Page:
There is nothing like
a vine ripened melon picked right from your own garden.
Bite into a slice of sweet juicy watermelon on a hot
July day, smell the aroma of a vine ripe muskmelon, or
savor a sweet honeydew or specialty melon you grew
yourself and it's love at first bite.
melons are readily available in the grocery store there
are many reasons to grow your own. Home growing allows
you to try many new varieties and old heirlooms not
available in the supermarket. Organic gardeners can
avoid using any pesticides or synthetic fertilizers on
Flavor is another reason to grow your
own. While a muskmelon will continue to ripen after
harvest, sugar content no longer increases after it is
detached from the vine. Let's face it, for a melon to be
put in a field truck, rolled down the belt of a packing
house, boxed and trucked across the country it needs to
be a little less ripe than one that need only be hand
carried from the garden to the back porch! And last but
certainly not least, it's just plain fun to grow your
own at home. There's a sense of accomplishment in
growing it yourself.
gardeners have avoided growing melons because of the
space required. A single plant of some melons can grow
into a sprawling patch 20 feet across. Unless your
garden is large there may not be room for including a
traditional melon patch in the summer plan.
growing allows almost any gardener to find a space for
melons. There are many advantages of going vertical with
your melon vines. Space is the most obvious. What may
have engulfed a 10 to 20 foot wide swath through the
garden can be trellised to take up no more than a 3 foot
wide "footprint" of garden space.
A sprawling melon
patch means there is a lot more ground to keep weed
free. Once melon vines enter an area weeding can become
more difficult. With trellised melons the small space
beneath the vine is easy to access for weeding or better
yet mulching to deter weeds.
Walking through a melon
patch to inspect or harvest fruit usually resembles some
new slow motion dance or an outdoor version of the game
Twister as we carefully turn and step to avoid crushing
a vine. Melons laying on the ground are more prone to
rotting and attack from certain chewing pests such as
pillbugs and sowbugs. The foliage too is more prone to
disease because of splashing soil and reduced air
movement. The foliage of vines on a trellis dries out
quickly after a rain and is generally less prone to
Melons are not that
difficult to grow if provided with a few basic growing
conditions. First of all they need good sunlight. Leaves
need sun to make carbohydrates and without it yields
will suffer and flavor will be disappointing at best.
Melons grow best in a well drained loamy soil. Sandy
soil is great if you make sure to provide adequate added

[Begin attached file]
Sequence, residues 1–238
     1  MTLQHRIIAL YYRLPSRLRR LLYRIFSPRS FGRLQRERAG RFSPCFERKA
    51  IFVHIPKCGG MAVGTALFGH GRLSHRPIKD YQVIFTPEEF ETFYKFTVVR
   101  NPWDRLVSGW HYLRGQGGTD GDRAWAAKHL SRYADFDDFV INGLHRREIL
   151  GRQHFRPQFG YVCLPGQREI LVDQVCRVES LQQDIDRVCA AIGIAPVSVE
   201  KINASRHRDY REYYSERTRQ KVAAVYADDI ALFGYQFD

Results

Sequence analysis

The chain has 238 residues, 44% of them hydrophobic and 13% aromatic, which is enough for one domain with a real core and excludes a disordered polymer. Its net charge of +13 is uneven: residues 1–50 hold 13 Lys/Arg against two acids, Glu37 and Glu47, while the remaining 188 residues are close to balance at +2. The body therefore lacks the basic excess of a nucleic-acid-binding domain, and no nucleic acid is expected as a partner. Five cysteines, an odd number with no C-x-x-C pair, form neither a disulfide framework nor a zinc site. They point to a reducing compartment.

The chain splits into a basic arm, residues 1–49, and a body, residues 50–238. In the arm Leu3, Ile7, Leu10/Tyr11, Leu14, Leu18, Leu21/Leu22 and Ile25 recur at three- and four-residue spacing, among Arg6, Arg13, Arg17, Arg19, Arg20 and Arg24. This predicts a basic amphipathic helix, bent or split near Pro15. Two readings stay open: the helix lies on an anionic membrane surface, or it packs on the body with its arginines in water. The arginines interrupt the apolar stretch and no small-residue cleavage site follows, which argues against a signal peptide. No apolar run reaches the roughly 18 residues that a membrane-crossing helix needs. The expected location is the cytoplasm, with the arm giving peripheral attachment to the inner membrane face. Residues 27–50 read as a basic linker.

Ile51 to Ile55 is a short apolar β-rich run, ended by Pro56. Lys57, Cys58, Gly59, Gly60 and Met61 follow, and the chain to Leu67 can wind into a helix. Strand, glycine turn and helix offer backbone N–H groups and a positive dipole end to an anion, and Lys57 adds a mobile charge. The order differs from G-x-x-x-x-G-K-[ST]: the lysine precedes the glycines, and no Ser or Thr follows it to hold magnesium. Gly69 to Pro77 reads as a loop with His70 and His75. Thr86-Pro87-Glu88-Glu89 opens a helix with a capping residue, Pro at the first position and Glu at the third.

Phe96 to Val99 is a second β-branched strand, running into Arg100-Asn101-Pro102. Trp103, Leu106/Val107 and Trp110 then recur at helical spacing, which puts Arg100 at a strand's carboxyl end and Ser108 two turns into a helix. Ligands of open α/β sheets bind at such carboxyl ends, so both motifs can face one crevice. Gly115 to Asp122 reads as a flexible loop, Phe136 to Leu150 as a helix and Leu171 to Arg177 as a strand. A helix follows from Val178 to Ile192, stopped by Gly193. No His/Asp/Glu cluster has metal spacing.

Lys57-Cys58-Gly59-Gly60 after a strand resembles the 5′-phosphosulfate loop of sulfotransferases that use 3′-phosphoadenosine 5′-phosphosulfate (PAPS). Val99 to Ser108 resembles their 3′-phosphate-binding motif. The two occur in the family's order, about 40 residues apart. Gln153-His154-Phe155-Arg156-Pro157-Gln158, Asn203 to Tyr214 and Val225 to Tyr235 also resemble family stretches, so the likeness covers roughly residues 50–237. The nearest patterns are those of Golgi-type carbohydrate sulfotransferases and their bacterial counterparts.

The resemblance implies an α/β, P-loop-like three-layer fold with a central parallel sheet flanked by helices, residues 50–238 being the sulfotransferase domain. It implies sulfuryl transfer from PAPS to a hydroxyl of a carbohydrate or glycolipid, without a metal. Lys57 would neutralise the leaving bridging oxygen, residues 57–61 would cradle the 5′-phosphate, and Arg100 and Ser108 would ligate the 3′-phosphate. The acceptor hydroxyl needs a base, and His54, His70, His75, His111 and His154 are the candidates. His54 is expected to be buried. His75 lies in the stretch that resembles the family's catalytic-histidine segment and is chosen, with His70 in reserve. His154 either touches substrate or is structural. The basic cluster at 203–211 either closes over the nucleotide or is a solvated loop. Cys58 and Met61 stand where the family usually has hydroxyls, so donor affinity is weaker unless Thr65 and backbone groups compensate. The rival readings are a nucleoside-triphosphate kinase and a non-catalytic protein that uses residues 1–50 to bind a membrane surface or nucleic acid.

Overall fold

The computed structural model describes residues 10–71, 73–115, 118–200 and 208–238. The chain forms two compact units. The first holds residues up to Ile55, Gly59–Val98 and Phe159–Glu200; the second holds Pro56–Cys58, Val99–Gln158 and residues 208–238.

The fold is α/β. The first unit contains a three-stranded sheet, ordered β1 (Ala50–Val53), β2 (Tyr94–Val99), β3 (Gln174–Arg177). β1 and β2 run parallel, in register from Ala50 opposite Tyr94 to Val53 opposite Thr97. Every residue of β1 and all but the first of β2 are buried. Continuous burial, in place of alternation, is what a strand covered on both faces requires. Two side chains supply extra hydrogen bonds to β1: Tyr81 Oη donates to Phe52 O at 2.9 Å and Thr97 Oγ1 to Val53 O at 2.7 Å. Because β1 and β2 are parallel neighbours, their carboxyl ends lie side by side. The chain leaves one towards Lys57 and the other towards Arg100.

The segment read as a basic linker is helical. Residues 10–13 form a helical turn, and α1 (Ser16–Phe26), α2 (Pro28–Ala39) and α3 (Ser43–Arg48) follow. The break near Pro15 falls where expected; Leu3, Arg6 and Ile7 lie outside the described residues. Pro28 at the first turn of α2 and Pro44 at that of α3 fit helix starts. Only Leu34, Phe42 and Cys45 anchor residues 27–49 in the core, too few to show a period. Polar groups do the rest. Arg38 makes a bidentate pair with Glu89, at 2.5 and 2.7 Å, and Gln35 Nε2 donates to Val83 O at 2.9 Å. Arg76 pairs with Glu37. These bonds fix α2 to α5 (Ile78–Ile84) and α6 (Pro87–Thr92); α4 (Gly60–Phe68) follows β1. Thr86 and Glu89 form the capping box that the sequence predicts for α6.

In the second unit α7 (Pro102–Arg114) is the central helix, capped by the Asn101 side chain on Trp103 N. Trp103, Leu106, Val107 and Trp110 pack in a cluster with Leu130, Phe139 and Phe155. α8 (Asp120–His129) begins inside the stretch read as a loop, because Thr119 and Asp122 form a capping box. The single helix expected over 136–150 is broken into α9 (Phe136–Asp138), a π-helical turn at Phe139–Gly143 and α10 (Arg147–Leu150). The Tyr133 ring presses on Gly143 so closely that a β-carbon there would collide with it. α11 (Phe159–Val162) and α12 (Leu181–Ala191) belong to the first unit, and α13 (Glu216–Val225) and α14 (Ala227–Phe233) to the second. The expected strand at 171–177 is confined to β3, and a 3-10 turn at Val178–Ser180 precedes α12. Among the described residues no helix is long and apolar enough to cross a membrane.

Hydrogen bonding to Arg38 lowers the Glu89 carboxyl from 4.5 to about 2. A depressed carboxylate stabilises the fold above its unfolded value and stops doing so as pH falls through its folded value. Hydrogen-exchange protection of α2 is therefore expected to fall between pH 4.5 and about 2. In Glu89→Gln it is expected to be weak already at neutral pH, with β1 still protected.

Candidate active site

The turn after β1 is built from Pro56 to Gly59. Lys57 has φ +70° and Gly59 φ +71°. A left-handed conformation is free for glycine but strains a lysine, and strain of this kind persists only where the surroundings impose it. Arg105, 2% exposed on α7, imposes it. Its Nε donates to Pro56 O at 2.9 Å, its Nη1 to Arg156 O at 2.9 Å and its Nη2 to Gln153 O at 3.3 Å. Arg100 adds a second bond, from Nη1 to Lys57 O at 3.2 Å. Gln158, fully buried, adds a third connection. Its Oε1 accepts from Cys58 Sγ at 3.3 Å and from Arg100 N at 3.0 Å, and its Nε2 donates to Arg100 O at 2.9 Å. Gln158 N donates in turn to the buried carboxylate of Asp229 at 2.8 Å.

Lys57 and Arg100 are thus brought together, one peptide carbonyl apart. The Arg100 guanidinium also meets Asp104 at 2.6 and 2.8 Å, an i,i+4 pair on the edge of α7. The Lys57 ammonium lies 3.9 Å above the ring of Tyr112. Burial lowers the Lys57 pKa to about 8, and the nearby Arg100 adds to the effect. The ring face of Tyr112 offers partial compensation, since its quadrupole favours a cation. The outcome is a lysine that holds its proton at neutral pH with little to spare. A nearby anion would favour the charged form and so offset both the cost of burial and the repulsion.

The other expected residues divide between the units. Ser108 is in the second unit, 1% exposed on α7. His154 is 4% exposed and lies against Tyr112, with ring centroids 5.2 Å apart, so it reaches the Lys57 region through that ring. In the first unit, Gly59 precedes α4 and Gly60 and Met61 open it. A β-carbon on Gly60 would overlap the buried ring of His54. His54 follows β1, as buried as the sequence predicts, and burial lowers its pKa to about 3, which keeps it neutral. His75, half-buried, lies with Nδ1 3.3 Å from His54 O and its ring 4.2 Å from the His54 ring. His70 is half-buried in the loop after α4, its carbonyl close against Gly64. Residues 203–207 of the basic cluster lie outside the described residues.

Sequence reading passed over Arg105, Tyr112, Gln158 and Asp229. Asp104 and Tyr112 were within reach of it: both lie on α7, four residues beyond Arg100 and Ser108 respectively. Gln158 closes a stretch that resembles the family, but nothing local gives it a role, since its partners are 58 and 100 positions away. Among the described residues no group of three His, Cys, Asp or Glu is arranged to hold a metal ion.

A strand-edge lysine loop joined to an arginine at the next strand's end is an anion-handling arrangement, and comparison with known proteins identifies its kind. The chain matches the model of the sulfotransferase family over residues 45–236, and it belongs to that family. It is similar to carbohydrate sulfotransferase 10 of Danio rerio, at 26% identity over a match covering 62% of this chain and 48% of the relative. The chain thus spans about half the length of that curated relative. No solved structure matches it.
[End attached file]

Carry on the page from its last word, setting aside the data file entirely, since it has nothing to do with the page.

nutrition and frequent watering. Clay can be improved
with compost to help increase its internal drainage. If
your soil is heavy clay you may do best to create a
raised bed by importing some loamy or sandy soil mixed
with a generous supply of compost. This effort need not
be justified for the melons alone as such a bed is great
for fall strawberry planting, for summer southern peas
as well as for several other garden crops.
melons when the soil warms up in mid spring. This would
be about mid April in north Texas, late March to early
April in central parts of the state and mid to late
March along the coastal region. Prior to planting work 1
to 2 cups of a complete fertilizer into the soil per 50
square feet of garden bed area. If using an organic
product double the rate to 2 to 4 cups per 50 square
feet. For trellising, plant two seeds every 3 to 4 feet
for muskmelons or 4 to 6 feet for watermelons. Thin to
one plant in each location a week or so after the plants
emerge. Optimum spacing will vary with species of melon,
variety and soil conditions.
You can get a little
head start on the season by starting transplants for
setting out into the garden about 2 to 3 weeks later.
Just don't grow them for too long in the seedling tray
as large melon plants don't respond well to
Keep the seeded areas moist until the
seeds sprout, then water as needed to maintain even soil
moisture. Melons can take our summer heat but need moist
soil to grow and bear well. Gardeners in sandy soils
will find regular watering to be especially important.
Watermelons can develop blossom end rot, just like
tomatoes do, when soil moisture varies from one extreme
After the plants have four true leaves
(the two original "seed leaves" don't count) fertilize
them again at about half the above rate. Then install
the trellises if you haven't already done so. In light
sandy soils the vines may benefit from one more